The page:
Comarch’s Grzegorz Prosowicz on Broadening and Deepening the Comarch Engagement in SE Asia
IT solutions provider Comarch is one of the leaders spearheading the digitalisation of the wealth management and financial sectors in Asia. Grzegorz Prosowicz, Consulting Director ‘met’ with Hubbis recently by video call to update us on how, as wealth management firms evolve, well-thought-through digitalisation is more critical than ever. Improving the customer experience is not enough to stand out in the market, he reported, and underlined how the employee experience is just as important a driver for business growth. He stressed that digital means both high tech and high touch and must achieve both a great user and provider experience to be truly effective. He sees immense opportunity in southeast Asia, the company’s core focus in the region thus far, as customers are highly receptive to new technologies and solutions, seeking to expand their connectivity with and relevance to all categories of private clients, from retail to the ultra-wealthy.
Comarch is a Polish company founded more than 25 years ago and is a highly experienced provider of innovative IT solutions for many industries, including telecommunications, banking, airlines, resources and utilities. The firm has been intently focusing on the private banking and wealth management segment in Asia, building relationships and winning valuable new clients in the region. With some 6,000 plus people globally, Comarch is a veritable giant in the industry.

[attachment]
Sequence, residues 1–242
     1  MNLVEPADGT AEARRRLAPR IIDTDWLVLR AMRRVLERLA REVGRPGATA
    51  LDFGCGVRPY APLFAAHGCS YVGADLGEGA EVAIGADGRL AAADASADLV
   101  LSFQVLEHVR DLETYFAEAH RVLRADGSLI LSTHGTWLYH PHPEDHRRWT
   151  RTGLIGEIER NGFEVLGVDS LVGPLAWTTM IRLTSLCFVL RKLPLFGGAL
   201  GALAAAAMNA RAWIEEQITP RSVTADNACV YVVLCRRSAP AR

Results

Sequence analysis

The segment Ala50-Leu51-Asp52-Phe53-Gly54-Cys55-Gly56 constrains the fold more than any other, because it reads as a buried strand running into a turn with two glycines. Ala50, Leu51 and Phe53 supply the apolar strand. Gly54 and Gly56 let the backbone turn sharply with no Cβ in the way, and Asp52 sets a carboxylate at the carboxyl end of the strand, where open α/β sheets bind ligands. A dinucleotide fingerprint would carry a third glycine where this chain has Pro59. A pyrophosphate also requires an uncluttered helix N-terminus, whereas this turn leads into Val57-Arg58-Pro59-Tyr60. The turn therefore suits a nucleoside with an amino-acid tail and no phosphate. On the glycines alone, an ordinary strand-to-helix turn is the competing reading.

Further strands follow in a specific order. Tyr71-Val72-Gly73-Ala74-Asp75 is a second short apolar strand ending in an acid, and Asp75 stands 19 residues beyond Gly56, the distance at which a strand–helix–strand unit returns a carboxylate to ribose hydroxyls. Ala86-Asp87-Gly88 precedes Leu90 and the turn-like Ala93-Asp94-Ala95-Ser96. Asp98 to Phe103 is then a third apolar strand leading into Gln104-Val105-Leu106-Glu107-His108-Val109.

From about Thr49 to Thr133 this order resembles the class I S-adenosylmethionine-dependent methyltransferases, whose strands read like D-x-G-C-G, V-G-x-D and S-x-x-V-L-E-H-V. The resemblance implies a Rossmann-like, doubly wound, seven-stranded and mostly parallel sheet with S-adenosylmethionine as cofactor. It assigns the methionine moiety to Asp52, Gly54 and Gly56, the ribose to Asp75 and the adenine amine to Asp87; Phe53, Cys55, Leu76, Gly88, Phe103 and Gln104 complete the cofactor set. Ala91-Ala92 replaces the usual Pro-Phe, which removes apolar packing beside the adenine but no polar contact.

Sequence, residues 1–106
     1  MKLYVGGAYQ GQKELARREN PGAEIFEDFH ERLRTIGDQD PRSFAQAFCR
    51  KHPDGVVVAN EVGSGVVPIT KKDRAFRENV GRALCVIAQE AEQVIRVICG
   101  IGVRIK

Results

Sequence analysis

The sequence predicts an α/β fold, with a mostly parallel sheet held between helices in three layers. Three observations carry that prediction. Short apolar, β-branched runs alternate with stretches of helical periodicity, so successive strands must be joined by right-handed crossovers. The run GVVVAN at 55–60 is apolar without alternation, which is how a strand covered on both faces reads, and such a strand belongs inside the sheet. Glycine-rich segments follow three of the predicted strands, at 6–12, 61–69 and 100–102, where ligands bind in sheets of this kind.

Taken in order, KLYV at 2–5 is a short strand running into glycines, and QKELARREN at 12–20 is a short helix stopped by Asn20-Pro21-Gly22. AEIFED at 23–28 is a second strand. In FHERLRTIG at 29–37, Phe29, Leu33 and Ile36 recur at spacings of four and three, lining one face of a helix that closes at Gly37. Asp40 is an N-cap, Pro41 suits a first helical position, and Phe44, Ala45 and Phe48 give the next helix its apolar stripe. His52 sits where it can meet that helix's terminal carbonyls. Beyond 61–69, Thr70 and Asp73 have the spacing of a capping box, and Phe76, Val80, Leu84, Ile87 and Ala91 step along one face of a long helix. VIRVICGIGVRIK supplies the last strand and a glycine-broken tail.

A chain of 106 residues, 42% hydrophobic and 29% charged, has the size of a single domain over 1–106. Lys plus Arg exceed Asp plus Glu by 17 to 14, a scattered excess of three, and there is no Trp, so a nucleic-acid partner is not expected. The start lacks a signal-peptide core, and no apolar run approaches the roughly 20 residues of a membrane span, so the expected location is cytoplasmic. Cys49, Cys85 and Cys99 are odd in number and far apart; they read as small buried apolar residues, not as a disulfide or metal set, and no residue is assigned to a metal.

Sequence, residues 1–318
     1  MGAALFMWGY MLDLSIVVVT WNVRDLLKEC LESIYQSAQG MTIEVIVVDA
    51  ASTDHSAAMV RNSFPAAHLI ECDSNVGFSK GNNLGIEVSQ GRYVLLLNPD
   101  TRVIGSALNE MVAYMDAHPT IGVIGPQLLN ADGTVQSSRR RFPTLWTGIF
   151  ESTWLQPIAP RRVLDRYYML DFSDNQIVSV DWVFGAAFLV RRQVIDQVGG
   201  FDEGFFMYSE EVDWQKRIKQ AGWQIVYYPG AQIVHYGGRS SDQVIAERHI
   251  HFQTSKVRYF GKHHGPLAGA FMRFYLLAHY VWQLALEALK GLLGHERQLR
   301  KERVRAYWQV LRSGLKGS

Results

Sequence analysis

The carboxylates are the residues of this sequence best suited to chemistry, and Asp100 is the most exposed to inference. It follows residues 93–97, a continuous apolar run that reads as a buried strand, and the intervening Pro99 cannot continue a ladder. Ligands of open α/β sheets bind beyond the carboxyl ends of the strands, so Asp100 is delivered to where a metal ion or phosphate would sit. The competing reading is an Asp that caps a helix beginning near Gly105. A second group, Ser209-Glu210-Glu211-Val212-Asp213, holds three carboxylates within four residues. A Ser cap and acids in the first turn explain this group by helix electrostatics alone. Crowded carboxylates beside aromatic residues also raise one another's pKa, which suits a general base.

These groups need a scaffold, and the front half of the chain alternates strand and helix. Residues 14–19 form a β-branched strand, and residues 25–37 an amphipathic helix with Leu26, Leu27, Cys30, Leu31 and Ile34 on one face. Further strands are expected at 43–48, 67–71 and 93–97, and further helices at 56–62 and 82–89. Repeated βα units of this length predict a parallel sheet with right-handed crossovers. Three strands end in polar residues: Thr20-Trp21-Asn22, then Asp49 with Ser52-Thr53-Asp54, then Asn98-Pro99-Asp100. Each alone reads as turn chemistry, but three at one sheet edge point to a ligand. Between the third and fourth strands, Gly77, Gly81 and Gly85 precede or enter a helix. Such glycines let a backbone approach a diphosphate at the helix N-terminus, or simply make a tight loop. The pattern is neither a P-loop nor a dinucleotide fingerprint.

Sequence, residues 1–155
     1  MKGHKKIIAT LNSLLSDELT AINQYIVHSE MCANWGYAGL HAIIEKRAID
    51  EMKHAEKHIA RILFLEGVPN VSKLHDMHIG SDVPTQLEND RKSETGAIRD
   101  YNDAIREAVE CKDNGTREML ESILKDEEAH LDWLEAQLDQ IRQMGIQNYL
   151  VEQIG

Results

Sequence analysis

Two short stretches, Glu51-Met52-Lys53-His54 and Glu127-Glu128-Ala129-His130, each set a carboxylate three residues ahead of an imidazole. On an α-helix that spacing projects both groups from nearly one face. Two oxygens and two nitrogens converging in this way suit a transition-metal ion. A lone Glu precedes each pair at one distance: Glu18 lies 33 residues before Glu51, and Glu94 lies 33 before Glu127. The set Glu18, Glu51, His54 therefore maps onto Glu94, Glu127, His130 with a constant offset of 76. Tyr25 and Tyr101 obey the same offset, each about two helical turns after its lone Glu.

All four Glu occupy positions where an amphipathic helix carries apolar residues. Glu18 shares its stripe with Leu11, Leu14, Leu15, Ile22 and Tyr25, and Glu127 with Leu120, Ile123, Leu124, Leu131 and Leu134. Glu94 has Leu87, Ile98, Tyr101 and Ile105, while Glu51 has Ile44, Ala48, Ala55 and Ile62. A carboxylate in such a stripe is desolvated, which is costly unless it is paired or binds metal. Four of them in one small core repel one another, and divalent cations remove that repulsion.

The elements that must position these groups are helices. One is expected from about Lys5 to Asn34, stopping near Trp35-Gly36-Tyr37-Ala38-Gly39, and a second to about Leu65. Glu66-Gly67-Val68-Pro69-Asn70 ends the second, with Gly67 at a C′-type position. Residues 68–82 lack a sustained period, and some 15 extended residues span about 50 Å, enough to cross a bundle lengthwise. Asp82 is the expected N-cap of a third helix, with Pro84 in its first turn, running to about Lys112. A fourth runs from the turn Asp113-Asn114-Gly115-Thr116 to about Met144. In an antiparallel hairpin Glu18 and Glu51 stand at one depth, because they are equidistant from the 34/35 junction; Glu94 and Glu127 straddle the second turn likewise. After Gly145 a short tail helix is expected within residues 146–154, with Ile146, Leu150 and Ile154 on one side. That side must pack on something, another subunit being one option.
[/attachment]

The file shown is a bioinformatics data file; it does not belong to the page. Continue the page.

Prosowicz himself represents the division responsible for delivery of solutions for mainly wealth and asset management, the main customers being global and local banks, especially the divisions responsible for retail and private banking.
The main mission
“Our mission,” he explains, “is to help banks digitise their businesses, so their customers are more engaged, better informed, and in the end – more satisfied with their investment products. This is what we do in a nutshell.”
He adds that the firm’s focus is mainly on the front- and middle-office, being agnostic when it comes to the back-office. “What we are really good at is the logic of the wealth process. This means risk profiling, tailored investment propositions, long-term investments, regular savings, plus the way of delivering particular advice – all the channels the RMs need to interact with their clients.”
Prosowicz steps back to offer a broader perspective on the evolution of the wealth management industry. He refers, for example, to some White Papers Comarch has produced in recent times.
“In one of these papers,” he reports, “we highlight how the wealth management industry is being digitally transformed to ensure the clients’ needs are met as the number of the wealthy around the world increases.”